Business Brainpow...
Follow
Find tag "airlines"
71.8K views | +1 today
Business Brainpower with the Human Touch
Connecting executives to the latest business-related content to help you innovate and inspire.
Your new post is loading...
Your new post is loading...
Scooped by Vicki Kossoff @ The Learning Factor
Scoop.it!

Are Airlines Driving Coach Passengers Into Premium Seats by Making Them Miserable?

Are Airlines Driving Coach Passengers Into Premium Seats by Making Them Miserable? | Business Brainpower with the Human Touch | Scoop.it

Time was when flying was glamorous, even in coach class.

You could arrive at the airport half an hour before your flight, check your bags and board at a leisurely pace. Coach seats were wide and comfortable, and chances were that the seat next to you would be free to put your newspaper.

But those days are all past. Passenger load factor -- which represents the number of empty seats per flight -- has risen 27 percent: from 65 percent in 1994 to 82.8 percent in 2012, according to airlines.org -- the highest load factor since 1945. The high average means a lot of flights are operating at 100-percent capacity. Good for the airlines. Not so good for the passengers and flight attendants.

Vicki Kossoff @ The Learning Factor's insight:

After the past years of nickel-and-diming, it shouldn't surprise us that airlines are finding even more ways to cut costs and generate revenue, like decreasing service and flying at a higher capacity.

more...
No comment yet.
Scooped by Vicki Kossoff @ The Learning Factor
Scoop.it!

How Airlines Spend Your Airfare

How Airlines Spend Your Airfare | Business Brainpower with the Human Touch | Scoop.it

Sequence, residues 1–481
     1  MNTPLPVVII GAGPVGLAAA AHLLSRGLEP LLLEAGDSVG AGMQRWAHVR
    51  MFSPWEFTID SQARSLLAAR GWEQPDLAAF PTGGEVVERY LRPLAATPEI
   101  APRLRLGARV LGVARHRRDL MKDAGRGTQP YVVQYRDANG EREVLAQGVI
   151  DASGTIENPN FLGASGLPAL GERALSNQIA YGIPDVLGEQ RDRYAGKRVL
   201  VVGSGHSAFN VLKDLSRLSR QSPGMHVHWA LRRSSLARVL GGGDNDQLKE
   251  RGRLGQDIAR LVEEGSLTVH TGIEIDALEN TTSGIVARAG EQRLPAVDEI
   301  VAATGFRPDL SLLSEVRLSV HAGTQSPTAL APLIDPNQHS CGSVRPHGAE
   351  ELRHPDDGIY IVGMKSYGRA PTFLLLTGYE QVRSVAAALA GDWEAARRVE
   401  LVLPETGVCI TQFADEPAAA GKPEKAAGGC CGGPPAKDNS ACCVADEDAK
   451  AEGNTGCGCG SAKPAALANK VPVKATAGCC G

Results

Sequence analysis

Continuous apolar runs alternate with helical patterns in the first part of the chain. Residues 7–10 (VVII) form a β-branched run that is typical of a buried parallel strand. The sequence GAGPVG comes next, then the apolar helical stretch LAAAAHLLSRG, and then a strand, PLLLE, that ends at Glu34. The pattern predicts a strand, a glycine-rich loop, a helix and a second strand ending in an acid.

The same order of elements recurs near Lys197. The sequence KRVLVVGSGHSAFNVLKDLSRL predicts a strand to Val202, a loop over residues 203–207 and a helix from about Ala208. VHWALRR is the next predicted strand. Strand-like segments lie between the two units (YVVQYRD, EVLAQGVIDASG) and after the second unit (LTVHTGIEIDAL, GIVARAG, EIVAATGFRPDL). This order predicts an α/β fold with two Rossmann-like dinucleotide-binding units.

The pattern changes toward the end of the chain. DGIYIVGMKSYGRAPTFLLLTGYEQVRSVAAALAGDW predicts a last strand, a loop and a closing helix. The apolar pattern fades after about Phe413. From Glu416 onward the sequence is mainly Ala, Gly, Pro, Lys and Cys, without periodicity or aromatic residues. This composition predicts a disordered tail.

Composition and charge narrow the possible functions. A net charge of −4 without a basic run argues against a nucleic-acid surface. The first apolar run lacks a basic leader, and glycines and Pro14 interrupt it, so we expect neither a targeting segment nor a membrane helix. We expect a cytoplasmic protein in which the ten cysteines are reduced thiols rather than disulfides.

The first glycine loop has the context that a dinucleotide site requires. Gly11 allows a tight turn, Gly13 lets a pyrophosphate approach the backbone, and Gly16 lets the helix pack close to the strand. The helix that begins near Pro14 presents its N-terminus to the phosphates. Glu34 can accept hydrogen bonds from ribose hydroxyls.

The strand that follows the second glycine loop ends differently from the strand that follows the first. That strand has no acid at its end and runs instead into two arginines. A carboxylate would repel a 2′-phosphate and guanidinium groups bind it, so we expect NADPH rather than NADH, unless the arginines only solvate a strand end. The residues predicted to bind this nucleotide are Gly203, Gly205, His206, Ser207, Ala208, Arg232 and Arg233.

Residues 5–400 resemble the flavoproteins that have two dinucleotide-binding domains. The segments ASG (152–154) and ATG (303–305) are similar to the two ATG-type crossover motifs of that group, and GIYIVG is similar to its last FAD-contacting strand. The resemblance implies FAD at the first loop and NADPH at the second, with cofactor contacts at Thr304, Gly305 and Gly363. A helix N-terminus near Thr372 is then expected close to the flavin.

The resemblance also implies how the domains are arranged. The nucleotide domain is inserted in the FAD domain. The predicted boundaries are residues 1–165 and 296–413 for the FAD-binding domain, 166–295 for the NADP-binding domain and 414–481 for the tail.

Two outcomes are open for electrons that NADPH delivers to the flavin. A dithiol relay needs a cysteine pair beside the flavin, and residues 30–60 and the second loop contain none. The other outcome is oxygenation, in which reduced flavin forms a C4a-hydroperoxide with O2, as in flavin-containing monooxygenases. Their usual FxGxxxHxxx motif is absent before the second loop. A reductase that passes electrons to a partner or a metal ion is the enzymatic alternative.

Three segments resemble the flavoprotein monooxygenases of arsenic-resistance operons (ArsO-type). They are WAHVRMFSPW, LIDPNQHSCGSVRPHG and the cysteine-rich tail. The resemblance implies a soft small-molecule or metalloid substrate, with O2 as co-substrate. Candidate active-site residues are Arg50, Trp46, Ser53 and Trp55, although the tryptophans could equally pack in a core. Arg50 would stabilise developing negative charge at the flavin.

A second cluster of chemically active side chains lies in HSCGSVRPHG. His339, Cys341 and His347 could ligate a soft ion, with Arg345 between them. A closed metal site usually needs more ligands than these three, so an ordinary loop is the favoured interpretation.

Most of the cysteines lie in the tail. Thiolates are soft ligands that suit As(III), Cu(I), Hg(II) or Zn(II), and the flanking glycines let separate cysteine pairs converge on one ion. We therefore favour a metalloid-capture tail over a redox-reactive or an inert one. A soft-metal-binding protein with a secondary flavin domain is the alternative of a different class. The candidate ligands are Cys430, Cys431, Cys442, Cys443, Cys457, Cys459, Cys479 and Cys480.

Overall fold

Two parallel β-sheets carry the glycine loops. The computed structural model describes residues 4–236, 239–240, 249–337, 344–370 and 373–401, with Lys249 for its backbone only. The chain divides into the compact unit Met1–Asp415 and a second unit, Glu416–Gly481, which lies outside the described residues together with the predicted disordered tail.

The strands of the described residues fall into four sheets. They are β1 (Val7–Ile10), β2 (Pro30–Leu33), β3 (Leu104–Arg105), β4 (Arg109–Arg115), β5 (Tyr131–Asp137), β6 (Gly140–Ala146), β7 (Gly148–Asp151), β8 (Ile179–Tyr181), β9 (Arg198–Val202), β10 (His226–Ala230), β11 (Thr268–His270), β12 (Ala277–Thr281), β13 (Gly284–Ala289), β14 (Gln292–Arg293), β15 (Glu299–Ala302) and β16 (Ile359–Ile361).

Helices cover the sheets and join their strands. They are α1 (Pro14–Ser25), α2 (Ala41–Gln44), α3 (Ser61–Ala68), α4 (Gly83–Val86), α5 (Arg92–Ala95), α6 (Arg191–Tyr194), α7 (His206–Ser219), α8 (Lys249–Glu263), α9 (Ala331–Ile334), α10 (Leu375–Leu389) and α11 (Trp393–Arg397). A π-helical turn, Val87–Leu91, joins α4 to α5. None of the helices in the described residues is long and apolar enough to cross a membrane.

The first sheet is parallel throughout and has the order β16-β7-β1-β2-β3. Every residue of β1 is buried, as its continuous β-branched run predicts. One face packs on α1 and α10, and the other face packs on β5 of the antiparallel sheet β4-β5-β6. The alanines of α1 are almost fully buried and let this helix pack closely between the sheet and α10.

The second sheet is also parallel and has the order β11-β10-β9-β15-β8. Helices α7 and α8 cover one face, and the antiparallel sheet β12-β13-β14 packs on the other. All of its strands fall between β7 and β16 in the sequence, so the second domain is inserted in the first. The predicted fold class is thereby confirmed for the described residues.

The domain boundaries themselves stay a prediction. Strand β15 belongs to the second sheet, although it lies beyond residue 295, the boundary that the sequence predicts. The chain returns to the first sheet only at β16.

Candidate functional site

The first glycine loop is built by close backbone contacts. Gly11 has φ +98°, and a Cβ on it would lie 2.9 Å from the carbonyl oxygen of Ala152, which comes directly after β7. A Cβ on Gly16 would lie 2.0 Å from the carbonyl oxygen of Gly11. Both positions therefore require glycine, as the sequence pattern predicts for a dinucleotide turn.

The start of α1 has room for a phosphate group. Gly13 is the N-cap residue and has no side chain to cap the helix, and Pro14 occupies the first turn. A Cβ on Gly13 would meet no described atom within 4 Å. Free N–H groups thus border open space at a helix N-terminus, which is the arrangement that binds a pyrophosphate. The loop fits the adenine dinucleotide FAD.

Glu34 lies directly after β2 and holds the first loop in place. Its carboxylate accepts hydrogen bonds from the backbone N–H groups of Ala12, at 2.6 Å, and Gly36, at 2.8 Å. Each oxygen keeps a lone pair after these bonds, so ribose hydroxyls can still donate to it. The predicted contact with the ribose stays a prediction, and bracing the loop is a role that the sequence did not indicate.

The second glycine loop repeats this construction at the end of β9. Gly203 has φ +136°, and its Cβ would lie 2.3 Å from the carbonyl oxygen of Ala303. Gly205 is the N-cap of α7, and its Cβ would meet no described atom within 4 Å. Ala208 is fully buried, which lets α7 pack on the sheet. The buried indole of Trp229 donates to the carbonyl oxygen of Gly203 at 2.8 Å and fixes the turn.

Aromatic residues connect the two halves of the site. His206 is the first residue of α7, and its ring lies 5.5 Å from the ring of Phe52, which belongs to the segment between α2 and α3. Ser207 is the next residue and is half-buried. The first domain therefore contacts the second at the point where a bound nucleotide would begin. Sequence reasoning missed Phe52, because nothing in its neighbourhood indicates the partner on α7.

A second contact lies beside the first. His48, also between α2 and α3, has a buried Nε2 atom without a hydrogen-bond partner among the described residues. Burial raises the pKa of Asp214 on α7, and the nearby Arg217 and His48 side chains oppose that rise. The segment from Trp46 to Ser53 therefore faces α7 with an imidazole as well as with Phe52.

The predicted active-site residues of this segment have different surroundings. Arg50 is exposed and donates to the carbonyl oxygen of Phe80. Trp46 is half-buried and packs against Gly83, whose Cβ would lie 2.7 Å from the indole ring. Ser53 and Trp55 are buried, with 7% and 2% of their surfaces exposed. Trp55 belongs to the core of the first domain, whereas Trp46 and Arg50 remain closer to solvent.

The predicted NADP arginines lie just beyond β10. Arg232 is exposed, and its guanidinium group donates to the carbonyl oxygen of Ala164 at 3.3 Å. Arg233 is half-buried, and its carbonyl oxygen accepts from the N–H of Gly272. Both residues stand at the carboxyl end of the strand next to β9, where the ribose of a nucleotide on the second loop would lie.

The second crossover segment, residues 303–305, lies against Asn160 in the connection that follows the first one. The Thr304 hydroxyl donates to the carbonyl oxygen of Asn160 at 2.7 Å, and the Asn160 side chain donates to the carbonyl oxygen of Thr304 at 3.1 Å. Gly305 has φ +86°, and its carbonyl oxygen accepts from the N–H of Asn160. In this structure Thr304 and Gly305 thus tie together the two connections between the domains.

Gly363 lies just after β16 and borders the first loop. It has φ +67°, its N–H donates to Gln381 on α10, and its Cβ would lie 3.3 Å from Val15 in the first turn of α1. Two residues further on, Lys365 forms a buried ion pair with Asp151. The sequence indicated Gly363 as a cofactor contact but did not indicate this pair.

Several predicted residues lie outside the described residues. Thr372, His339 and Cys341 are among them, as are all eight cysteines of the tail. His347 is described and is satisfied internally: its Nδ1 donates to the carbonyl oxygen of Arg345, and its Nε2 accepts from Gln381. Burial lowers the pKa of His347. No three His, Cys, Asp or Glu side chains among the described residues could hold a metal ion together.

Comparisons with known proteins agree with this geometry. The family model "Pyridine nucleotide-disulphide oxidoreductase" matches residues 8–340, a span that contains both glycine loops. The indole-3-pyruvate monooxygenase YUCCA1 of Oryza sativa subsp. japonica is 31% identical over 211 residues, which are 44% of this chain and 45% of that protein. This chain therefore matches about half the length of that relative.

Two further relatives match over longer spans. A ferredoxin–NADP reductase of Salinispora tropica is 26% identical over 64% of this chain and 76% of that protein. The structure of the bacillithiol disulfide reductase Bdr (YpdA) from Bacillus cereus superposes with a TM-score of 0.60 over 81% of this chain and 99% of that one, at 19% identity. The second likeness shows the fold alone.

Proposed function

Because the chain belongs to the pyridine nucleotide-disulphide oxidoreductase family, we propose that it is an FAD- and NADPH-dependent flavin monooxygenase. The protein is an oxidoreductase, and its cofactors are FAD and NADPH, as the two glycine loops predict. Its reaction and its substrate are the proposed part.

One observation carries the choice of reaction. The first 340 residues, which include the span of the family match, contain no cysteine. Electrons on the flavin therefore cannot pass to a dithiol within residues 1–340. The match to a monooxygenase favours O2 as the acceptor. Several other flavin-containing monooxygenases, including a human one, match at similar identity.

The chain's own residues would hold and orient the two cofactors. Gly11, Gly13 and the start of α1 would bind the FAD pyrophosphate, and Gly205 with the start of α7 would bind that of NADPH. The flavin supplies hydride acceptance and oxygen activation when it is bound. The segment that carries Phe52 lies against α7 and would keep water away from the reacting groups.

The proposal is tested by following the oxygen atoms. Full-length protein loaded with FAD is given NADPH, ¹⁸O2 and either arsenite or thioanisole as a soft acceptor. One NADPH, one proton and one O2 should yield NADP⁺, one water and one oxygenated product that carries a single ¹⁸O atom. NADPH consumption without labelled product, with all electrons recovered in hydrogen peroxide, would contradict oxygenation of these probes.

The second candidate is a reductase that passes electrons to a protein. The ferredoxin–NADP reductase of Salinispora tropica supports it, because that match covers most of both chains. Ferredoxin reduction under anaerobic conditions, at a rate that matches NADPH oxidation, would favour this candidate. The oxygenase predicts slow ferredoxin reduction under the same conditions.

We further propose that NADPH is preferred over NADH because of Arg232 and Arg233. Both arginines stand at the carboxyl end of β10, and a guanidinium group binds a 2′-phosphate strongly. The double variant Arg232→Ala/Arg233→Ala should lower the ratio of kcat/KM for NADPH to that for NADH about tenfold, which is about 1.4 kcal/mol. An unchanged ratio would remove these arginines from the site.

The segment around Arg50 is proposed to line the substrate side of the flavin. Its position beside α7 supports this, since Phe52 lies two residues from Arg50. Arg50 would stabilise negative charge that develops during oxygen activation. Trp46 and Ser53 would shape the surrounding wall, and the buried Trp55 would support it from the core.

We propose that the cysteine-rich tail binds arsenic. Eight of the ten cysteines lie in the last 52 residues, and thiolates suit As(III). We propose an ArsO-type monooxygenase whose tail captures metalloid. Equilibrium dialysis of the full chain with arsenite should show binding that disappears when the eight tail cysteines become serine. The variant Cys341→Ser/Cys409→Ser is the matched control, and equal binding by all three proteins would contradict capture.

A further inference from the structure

A big chunk of every airline ticket goes toward paying for fuel, salaries and equipment. In the end, there's not much left over in the way of profit.


On an airplane carrying 100 passengers, how many customers does it take, on average, to cover the cost of the flight?


The Middle Seat asked US Airways and consulting firm Oliver Wyman to crunch airline expenses down to the percentages that an individual passenger pays, taking a hard look at costs of running an airline. US Airways created a hypothetical flight of 100 passengers. Each one paid the average $146 fare for a domestic flight ($292 round-trip), plus $18 each in fees and add-ons, based on a year's worth of data ending March 31. The bottom line: There is very little wiggle room on the plane for profit.

more...
No comment yet.
Scooped by Vicki Kossoff @ The Learning Factor
Scoop.it!

5 Years In The Making, Lufthansa’s Ingenious New Business Class Seats

5 Years In The Making, Lufthansa’s Ingenious New Business Class Seats | Business Brainpower with the Human Touch | Scoop.it

The easiest way for always-struggling airlines to maximize revenue is to get people sitting in their premium seats. Without buying new planes or rethinking routes, business class means that precious plane real estate can sell for more per square foot. But what do the airlines really have to work with? Space is finite. Serve them food, a glass of wine, and what else? Design the space better.

more...
No comment yet.